Happy Music Monday! Because of the holiday last week, Scott managed to forget the birthdays of both Miles Davis and Sun Ra. So this week, he's making it right with a Music Monday all about jazz. Sadly, there's a lot of great artists he has to skip, so he's counting on you to make it right in the comments after. Here's his five to start you out...
Miles Davis - My Funny Valentine
Miles Davis, man. It's hard to think of any other artist who did as much, influenced as much, and made as much happen. Not even David Bowie conquered as many different styles as Miles Davis. So only picking one song? How could anyone make that call? Finally I chose My Funny Valentine because it's smooth, pretty, and won't freak out purists as much as this does. Happy belated birthday, Miles. And thank you for helping my record collection be cool.
Four more jazz artists to go, and then it'll be your turn to complain and judge. Isn't that what being a jazz fan is all about? See you after the jump.
As always, remember our Spotify playlist will be featuring a great selection from last week's Music Monday comments. The theme of the mix this time is Memories. Remember last week? Gosh, wasn't it great? But don't get caught daydreaming about the past. Check out our current Music Monday, right now!
Sun Ra - We Travel The Spaceways
There's a planet up there where Sun Ra actually came from, and their Classic Rock radio stations play things like this all the time. Sun Ra came to us from that planet, and anything else you read is just part of the cover-up. Seriously, who are you going to believe? Some Wikipedia page that talks about how influential he was? Or your own ears? For Sun Ra to be a mere human, we'd have to believe in a man who was half Douglas Adams and half Wu-Tang Clan. Surely someone like that would HAVE to be an alien!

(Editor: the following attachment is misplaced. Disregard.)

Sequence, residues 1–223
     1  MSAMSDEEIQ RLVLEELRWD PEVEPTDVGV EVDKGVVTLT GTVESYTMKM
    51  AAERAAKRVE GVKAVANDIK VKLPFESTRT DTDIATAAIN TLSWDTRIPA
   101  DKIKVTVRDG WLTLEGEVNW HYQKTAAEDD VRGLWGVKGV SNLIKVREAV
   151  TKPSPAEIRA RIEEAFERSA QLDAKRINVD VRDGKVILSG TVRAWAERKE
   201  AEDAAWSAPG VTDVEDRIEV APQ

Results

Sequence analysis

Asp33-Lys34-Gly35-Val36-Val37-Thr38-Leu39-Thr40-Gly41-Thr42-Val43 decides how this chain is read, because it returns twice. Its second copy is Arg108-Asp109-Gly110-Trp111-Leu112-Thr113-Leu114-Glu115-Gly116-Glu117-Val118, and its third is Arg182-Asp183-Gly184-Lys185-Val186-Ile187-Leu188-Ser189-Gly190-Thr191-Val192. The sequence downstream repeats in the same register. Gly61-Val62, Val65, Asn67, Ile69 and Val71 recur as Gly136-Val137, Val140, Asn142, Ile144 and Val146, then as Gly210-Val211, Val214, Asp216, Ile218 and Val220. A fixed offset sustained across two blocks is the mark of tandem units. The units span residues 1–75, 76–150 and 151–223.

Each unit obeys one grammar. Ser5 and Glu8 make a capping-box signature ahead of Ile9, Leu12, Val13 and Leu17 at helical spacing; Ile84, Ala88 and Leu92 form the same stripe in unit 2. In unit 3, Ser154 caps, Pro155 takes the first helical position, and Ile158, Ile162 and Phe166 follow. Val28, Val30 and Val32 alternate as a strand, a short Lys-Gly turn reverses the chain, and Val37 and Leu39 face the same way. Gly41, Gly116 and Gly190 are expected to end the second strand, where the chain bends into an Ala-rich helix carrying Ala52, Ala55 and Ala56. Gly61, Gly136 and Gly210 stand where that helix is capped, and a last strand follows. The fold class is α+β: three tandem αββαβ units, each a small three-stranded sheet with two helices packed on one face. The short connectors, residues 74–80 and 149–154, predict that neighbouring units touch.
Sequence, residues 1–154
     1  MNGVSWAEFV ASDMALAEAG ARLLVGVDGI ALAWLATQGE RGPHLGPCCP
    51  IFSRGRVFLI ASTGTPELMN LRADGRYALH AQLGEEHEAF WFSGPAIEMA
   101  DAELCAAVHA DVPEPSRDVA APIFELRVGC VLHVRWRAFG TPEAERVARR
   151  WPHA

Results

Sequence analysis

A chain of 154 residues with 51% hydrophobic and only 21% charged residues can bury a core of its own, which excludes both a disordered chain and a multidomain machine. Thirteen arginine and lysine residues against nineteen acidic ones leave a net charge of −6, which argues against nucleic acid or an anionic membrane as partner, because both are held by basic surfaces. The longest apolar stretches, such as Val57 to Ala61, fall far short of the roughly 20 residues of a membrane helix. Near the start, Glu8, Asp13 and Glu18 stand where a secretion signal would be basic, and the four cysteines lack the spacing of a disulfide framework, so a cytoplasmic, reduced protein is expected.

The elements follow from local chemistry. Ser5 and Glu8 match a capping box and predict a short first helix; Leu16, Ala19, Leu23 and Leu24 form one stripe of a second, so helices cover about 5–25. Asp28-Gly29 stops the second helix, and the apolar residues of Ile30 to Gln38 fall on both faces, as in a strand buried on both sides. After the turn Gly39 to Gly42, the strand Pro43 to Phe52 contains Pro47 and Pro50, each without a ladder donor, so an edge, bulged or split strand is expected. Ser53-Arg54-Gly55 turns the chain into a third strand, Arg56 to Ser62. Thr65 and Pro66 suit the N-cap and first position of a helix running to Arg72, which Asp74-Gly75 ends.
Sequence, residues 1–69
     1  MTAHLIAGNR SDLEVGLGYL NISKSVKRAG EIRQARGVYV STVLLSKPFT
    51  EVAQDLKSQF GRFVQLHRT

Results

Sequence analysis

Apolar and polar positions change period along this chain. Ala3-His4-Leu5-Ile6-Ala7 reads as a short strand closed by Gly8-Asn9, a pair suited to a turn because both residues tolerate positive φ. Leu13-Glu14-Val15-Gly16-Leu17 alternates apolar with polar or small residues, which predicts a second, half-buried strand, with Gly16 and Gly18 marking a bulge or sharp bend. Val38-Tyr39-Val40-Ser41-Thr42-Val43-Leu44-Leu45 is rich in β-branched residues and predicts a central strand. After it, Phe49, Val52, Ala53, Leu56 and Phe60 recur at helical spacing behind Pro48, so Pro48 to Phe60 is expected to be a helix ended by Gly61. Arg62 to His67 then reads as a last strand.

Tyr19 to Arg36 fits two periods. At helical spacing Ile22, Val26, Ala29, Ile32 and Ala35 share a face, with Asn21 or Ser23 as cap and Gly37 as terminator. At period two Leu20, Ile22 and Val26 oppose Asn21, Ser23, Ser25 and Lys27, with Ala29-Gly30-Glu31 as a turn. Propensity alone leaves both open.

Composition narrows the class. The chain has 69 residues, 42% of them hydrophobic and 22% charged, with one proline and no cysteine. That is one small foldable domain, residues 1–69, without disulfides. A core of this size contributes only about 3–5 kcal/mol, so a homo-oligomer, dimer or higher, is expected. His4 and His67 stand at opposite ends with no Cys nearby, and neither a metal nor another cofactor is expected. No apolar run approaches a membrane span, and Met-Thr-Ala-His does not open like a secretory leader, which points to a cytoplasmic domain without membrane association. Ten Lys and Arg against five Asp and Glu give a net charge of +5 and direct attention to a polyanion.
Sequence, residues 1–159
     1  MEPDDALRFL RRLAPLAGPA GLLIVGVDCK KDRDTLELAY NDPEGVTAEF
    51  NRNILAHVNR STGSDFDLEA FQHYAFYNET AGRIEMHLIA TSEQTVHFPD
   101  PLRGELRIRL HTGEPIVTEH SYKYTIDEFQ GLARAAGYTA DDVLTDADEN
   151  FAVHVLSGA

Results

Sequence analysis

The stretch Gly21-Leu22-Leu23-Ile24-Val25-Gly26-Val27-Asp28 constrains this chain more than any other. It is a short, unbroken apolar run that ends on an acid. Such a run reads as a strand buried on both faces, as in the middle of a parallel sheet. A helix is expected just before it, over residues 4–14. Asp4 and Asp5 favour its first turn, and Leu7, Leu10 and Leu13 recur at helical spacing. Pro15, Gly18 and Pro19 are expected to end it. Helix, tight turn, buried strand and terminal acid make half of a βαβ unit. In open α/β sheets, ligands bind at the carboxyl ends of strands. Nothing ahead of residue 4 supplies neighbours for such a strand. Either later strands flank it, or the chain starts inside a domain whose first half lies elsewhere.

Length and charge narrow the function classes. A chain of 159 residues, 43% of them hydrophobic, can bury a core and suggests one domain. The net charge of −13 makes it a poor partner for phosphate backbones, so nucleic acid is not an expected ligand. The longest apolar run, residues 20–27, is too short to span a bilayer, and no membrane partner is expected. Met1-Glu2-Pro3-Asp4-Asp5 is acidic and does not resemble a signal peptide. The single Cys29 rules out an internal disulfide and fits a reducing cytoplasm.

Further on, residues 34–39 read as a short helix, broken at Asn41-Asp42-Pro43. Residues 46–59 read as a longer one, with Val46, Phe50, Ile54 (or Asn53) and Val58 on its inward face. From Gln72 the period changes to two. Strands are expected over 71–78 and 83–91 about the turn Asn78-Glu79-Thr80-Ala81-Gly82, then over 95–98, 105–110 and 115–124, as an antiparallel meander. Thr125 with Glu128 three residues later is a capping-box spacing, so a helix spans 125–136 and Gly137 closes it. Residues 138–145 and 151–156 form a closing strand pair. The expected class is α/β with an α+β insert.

John Coltrane & Johnny Hartman - They Say It's Wonderful
Okay, fine, you caught me. I couldn't help but find a way to sneak both these men in at the same time. But can you blame me? Hartman's warm, deep voice is a treat no matter what he's singing, but when balance by the undisputed genius of the sax? It's pretty much perfect. PS: This album is super cheap in mp3 form, and I can't recommend it enough.
Nina Simone - Feelings
There are a lot of artists who can do a really good song. True genius, however, can best be demonstrated by taking something that's terrible and making it into something brilliant. Nina Simone has greater ballads and more passionate songs but here she simply deconstructs a 70's crap-pop hit. By the end of it, you're listening to a song with real meaning. And it's not the song that's doing all the work.
Isao Suzuki - Aqua Marine
Okay, I'm totally being all hipster now, but there's a good chance most of you will never have heard this before. I myself only know of it because I got lucky and found it on a compilation by accident. That's why I'm skipping over other, more famous jazz bass players, in hopes you'll all get the rush that only comes from hearing something new. Because that's what jazz is supposed to be all about.
Okay, now it's your turn. Doesn't matter if you want to talk about John Zorn or Bing Crosby, post all the jazz heroes that Scott so rudely ignored. Then feel free to visit our Turntable.fm room and dig that crazy Music Monday enjoyment. Also, let us just remind you: some images come from the corresponding Wikipedia pages and are here under fair use.